A sensible guide to eliminating toxic entitlement
Repeat after me: I don’t deserve anything nor should I feel the need to
If you like to feel like you deserve things in life, maybe you should ask yourself why it is that you do. What does the sense of entitlement add to your life? If it fuels your ambition or gets you out of a rut then, by all means, deserve away! I don’t think you’re in trouble. This is for the people who by exercising their sense of entitlement take a back seat in their own lives. They blame, judge, resent others and let their ego take charge. They never think it’s their fault or responsibility to rise out of their situation because they are too busy inflating their entitlement bubble.
As humans, we are comfortable feeling entitled. It gives us a cause to express our passive laziness.
When you feel your entitlement energy stretching its arms, take the lead before your ego gets on its high chair and starts screwing things up. Below are a few examples of how we can shift our mindset away from entitlement.
Scenario 1: You are rejected from a position at your company. You were qualified for the director position but you didn’t get the promotion. Yes, you are qualified. No, you are not entitled to the position.
Scenario 2: You are a devout mother. You are a loving mother who dedicated her entire life to her children but they chose to move out and live their own lives and now they barely visit. Yes, you are a loving mother. No, you are not entitled to their love.
Scenario 3: You have been ill-treated by a close friend. You were misunderstood when your friend called you out for something you didn’t do. Yes, you were misunderstood. No, you are not entitled to your friend’s understanding.
Did you notice the problem with these scenarios? It has the word “You” marked all over them. When we start personalizing things, we become so attached and easily upset. Instead, we can view each of them as a matter-of-fact situation that requires our acceptance. Facing and accepting our struggles is the only way forward. Rejection, disappointment or failure should not interfere with your personal self-worth. Yes, this part of self-help books is always true. It’s not that you are entitled to better treatment, but that your self-worth is not dictated by situations you cannot control. Instead of inflating you ego, this realization should make you feel at peace with your circumstances.
Once you focus on what you can truly control and accept and let go of what you truly cannot, you slowly detach from your ego’s sense of entitlement.
How to Use your Entitlement
Sometimes, entitlement is temporarily necessary. Emphasis on temporarily. Say your colleague disrespects you or your friend lies and betrays you. You can use your entitlement to mutter some self-respect by not responding to them and therefore allowing the situation to affect your emotional wellbeing. Use entitlement as an emotional bodyguard but never exploit it. Exploiting your sense of entitlement will only allow you to grow angry and resentful of your colleague/friend. Such energy is useless to harbor within you.
Instead of thinking you deserve something, you should work for and create that which you desperately want to deserve. Do you think Einstein thought he was entitled to outstanding intellect and global recognition? No, he was preoccupied doing the work which earned him his attributes and success. If there’s one thing you’ll take from this read, I hope this would be it.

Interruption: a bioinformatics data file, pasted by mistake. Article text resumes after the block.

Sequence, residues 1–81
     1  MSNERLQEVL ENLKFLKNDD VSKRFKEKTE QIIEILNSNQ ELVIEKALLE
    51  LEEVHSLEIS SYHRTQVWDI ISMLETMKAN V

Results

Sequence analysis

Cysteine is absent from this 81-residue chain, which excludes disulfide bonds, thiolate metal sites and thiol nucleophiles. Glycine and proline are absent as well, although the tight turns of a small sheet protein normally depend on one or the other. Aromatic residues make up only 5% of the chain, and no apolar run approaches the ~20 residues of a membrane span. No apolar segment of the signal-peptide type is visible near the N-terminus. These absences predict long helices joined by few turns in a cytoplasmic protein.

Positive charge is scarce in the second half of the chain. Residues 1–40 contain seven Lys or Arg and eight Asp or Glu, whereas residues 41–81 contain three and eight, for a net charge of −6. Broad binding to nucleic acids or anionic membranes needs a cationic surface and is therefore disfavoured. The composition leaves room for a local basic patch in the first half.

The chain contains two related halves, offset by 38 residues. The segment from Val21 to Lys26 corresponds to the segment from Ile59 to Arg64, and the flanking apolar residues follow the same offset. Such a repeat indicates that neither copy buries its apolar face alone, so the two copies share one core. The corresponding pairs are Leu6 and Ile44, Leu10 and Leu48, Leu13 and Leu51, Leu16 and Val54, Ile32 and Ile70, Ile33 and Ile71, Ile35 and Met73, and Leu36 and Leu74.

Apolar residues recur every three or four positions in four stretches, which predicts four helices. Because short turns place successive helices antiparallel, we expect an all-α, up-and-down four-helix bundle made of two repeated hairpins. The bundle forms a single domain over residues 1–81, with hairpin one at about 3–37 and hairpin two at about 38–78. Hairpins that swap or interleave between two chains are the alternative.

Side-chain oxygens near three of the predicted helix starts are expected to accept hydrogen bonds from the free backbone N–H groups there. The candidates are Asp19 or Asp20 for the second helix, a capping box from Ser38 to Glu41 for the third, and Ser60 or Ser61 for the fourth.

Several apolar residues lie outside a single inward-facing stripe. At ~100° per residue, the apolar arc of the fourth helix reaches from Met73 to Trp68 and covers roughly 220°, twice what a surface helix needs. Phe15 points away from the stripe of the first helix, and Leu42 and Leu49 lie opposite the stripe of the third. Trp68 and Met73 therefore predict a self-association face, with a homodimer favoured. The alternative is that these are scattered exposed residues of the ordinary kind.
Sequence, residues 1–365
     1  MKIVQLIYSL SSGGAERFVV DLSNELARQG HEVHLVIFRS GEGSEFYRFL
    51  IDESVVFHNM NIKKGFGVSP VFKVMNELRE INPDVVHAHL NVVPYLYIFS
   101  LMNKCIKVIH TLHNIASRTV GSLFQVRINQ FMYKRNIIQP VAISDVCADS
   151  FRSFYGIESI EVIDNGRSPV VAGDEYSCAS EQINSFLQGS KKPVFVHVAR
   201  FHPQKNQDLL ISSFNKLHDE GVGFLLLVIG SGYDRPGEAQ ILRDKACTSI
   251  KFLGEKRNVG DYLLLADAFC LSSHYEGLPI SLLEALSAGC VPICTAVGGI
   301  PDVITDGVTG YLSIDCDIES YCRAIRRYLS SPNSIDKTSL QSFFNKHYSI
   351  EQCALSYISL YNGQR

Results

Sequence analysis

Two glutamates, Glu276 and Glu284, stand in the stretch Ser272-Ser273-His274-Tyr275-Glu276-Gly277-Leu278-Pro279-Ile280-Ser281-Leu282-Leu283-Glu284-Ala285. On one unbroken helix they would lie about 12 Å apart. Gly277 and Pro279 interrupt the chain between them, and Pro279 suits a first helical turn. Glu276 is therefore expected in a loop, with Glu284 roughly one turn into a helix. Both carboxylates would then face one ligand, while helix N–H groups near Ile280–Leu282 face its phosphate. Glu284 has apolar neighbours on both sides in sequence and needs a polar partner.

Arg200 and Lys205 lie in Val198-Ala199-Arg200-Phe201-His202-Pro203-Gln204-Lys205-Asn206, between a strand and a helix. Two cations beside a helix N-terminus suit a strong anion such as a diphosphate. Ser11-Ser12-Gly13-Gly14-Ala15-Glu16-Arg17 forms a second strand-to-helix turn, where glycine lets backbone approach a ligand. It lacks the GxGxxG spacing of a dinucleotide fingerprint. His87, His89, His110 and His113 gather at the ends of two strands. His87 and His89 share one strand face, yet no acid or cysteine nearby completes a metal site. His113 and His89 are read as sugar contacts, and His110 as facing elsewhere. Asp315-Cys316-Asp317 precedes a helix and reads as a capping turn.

So many of us use our ego as a shield from facing our problems. Instead of thinking we deserve better friendships, a better job, better status, better treatment, we should be focusing on improving ourselves. Once we accept that we have so much more to work on, there is really no place for entitlement.
Important note #1: The opposite of entitlement is not silently wallowing in your sorrows. Simply that your troubles are yours to accept and overcome. It is the only way forward. Yes, I realize this is not what you want to hear. You probably feel entitled to a more desirable form of reassurance, but that’s not why you’re here is it?
Important note #2: Just because you are not entitled to something doesn’t mean you are not worthy of it. If you stop feeling entitled to love, respect and understanding it doesn’t mean you are not worthy of love, respect and understanding. It simply means you are reduced from the baggage of entitlement which attaches your worthiness on external factors. You are worthy of love, respect and understanding simply because you are. Create your own reasons if you have to believe that you are but don’t use them to project your frustrations on others.
Important note #3: The effects of entitlement are worsened when you use people as a means to achieve your end. Say you feel entitled to a first class upgrade because your airline company messed up your flights, lost your baggage and charged your account without your consent. So you decided to use your friend who happens to work at the airline company as a means to achieve your end, to her detriment. Congratulations, your entitlement spiral is now impaired with some degree of moral misconduct. It is useless to feel entitled but it becomes ethically wrong when you start using people as a means to achieve your entitled end.
Final note: Noticing the effects of entitlement in your life requires consistent conscious awareness. Anytime you feel yourself getting riled up over silly things or feeling sorry for yourself, try to look for the underlying cause behind these feelings. More often than not, it’s our ego telling us we are entitled to something. A simple realization like this could save you from a lot of emotional distress. It is your choice to decide how exactly you’re going to use your entitlement to better serve your energy.